2 Trade Targets For the Seattle Kraken

The NHL's previous 30 teams learned their lesson from the Las Vegas expansion draft, and where once teams were using some players in bargains to keep others, when it came time for the Seattle Kraken to draft their inaugural roster teams were savvier to how it might be used against them. Look no further than the results seen during the Kraken's first season. Despite 5 of the 8 Pacific Divison teams currently being in the midst of a losing streak, the Kraken still sit at the bottom with an 11-23-4 record, with many of the teams ahead of them holding games in hand. Barring a massive turnaround that needed to start yesterday (to be fair, they did win over the Blackhawks yesterday), the Kraken are going to be sellers at the deadline. That may be for the best; a turnaround now would mean the NHL's newest team would need to reconsider signing some of their UFAs, using up valuable cap space. Instead, those UFAs will likely become rentals for the league's contending teams, and the Kraken will recoup picks and prospects as they build their team going forward. With that in mind, here are two players that could be acquired by Seattle in exchange for their rental pieces.

Jesperi Kotkaniemi

When the Hurricanes signed Kotkaniemi to an offer sheet this summer, it was as much a signing to benefit their team as it was a bit of vengeance for Montreal's attempt to do the same with Hurricanes' star Sebastian Aho. However, where Aho has lived up to the $8.460 million contract he eventually signed in Carolina, Kotkaniemi hasn't been a $6.1 million dollar player for the Canes, which is what he was offered for a one-year deal. He's not a bad player, 7 goals and 16 points in 35 games; in fact, he'll probably end up having a career season this year when all is said and done. However, the Canes have just under $2 million in cap space to work with at the deadline, and that $6 million could be put to good use if it wasn't tied up in a guy who is currently centering their 4th line. The Kraken, meanwhile, have $13 million in cap space to play with. Plenty of room to add an underperforming RFA centreman into the mix. They'd have first bidding rights on Kotkaniemi's next contract, and while he may not ever become the #1 option he was drafted as by Montreal, he's still only 21-years old. There' is plenty of time for Kotkaniemi to become a top 6 player, and with the pressure of performing on a contending team removed from the equation, he'd have more time to grow into the role with Seattle.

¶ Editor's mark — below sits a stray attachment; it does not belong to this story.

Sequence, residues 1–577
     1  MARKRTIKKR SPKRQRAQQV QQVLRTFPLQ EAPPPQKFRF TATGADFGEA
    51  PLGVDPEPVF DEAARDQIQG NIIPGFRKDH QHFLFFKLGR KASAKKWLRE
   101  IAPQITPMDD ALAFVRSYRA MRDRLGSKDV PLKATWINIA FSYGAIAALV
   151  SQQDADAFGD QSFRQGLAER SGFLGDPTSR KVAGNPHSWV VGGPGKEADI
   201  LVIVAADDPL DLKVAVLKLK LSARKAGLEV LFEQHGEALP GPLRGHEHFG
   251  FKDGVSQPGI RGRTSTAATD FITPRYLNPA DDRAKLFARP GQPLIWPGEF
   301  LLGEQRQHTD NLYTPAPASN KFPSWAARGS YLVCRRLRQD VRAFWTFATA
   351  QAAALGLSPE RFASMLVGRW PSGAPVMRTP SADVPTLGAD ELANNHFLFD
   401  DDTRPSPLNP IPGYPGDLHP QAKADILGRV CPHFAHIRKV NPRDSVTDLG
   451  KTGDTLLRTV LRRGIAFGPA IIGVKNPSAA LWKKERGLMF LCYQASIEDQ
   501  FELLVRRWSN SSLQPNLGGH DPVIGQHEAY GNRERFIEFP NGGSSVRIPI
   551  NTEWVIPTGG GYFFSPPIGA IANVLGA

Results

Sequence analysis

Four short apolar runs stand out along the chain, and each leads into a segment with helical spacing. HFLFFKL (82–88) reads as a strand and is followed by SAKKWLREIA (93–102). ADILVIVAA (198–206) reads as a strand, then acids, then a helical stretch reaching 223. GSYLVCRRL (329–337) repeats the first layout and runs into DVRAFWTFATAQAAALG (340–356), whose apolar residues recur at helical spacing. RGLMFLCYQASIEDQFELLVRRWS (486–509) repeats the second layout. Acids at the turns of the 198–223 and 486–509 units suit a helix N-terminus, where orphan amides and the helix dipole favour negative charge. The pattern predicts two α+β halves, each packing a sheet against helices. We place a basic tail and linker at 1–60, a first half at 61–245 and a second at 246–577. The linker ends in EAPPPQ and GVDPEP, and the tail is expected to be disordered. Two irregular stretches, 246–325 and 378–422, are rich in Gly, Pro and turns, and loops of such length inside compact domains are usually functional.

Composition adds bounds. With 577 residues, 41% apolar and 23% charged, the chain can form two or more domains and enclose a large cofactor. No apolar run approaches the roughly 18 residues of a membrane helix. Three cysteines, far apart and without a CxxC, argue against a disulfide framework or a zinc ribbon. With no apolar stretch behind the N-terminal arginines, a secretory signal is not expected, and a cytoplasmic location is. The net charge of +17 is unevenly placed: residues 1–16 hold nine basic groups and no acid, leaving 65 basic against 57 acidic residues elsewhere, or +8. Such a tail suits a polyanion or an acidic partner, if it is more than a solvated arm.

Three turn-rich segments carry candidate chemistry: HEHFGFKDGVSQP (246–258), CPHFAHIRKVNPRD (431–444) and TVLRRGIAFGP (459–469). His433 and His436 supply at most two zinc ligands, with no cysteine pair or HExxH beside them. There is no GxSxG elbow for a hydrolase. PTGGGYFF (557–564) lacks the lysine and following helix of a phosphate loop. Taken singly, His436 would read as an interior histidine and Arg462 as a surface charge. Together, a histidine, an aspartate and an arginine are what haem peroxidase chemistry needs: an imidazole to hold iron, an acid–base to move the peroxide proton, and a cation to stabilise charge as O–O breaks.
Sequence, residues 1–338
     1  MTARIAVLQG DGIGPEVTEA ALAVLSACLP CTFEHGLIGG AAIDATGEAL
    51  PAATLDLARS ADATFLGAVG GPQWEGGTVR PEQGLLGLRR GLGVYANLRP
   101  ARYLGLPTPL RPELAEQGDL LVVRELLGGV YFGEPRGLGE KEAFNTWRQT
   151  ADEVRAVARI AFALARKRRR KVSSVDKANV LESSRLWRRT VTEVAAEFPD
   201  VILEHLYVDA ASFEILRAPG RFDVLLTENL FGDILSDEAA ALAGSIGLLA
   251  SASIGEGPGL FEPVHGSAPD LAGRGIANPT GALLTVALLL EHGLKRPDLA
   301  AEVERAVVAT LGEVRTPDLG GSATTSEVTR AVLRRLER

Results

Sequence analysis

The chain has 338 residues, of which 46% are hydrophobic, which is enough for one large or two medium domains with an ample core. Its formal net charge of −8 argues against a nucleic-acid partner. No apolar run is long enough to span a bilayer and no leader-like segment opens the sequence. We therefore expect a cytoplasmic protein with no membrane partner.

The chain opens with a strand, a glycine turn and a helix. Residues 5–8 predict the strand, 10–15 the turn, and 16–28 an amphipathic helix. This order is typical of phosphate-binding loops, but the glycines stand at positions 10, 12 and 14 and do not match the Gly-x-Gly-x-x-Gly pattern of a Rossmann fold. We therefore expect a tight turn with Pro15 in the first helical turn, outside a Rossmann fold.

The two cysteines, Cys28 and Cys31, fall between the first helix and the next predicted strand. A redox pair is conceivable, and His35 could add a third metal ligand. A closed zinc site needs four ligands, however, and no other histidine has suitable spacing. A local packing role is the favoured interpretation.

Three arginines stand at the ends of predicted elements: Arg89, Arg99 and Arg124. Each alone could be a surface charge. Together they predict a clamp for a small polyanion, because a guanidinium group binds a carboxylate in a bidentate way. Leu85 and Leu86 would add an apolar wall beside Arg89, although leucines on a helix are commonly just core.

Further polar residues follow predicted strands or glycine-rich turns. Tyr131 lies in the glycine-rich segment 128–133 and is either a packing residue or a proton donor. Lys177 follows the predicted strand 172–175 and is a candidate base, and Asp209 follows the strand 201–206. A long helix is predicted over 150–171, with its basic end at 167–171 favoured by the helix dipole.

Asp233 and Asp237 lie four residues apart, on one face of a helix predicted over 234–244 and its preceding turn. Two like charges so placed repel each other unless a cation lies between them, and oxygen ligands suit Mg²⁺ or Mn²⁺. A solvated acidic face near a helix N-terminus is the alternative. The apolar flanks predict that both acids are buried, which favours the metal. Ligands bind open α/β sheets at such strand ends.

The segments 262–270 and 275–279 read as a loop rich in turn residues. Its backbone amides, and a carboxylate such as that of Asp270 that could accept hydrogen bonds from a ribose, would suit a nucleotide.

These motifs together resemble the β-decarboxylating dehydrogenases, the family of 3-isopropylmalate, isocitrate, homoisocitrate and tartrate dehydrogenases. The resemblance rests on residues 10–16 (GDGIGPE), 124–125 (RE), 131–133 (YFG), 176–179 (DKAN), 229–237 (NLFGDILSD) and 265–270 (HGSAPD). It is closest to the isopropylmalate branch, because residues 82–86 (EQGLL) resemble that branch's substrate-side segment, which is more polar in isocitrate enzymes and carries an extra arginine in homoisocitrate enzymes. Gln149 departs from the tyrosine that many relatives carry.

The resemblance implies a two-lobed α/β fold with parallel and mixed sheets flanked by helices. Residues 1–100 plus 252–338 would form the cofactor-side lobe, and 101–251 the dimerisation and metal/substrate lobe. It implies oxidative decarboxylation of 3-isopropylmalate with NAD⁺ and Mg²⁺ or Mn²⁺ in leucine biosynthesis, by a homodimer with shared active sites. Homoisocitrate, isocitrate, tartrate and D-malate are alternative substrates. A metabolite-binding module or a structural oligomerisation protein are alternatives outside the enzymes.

Sam Steel

The Ducks have been very high on this player since they selected him 30th-overall in 2016. However, in one of the best drafts in recent history, Steel is slowly becoming a miss in the prospect department. For reference, Jordan Kyrou was selected 5 picks later, Alex DeBrincat was taken 9 picks later, Adam Fox 36 picks later, and the list goes on. Steel is not a bust by any means, he's an NHL player, but the top 6 option he looked like he'd develop into seems to be less and less likely as the years go by. He'll also probably set a career-high in goals this season, but when that career-high has been stagnant at 6 goals in each of the last 3 years, that's not exactly a tall order. The Ducks, meanwhile, have had a fantastic season, vastly outperforming the expectations placed on them in October. They currently sit in a playoff spot, and despite their current losing streak, most of the teams in their Division are on a similar skid, which is giving them lots of breathing room. If the Ducks are buying come the March deadline, Steel would be a valuable piece to add to any trade package, given his ceiling is still much higher than his current performance. That, and the Ducks have no lack of offensive skill on their roster, and many of the players key to their success this season will be in need of new contracts in the summer, including Rickard Rakell and Hampus Lindholm. There's not a lot of room for Steel to seize a top spot, and Seattle could once again benefit by grabbing an underperforming RFA and giving him the room to grow and gain his confidence in the NHL. They have the cap room to extend him for a few more years, and Steel won't be pressured to help them compete for a Stanley Cup right away. Instead, he can take the time to learn from players like Jordan Eberle, Jaden Schwartz, and Yanni Gourde - guys who have all gone deep in the playoffs several times in their recent careers - and develop into a valuable player at his own pace. He won't come cheap, the Ducks still see some potential in this player, but there's some benefit for both teams here.

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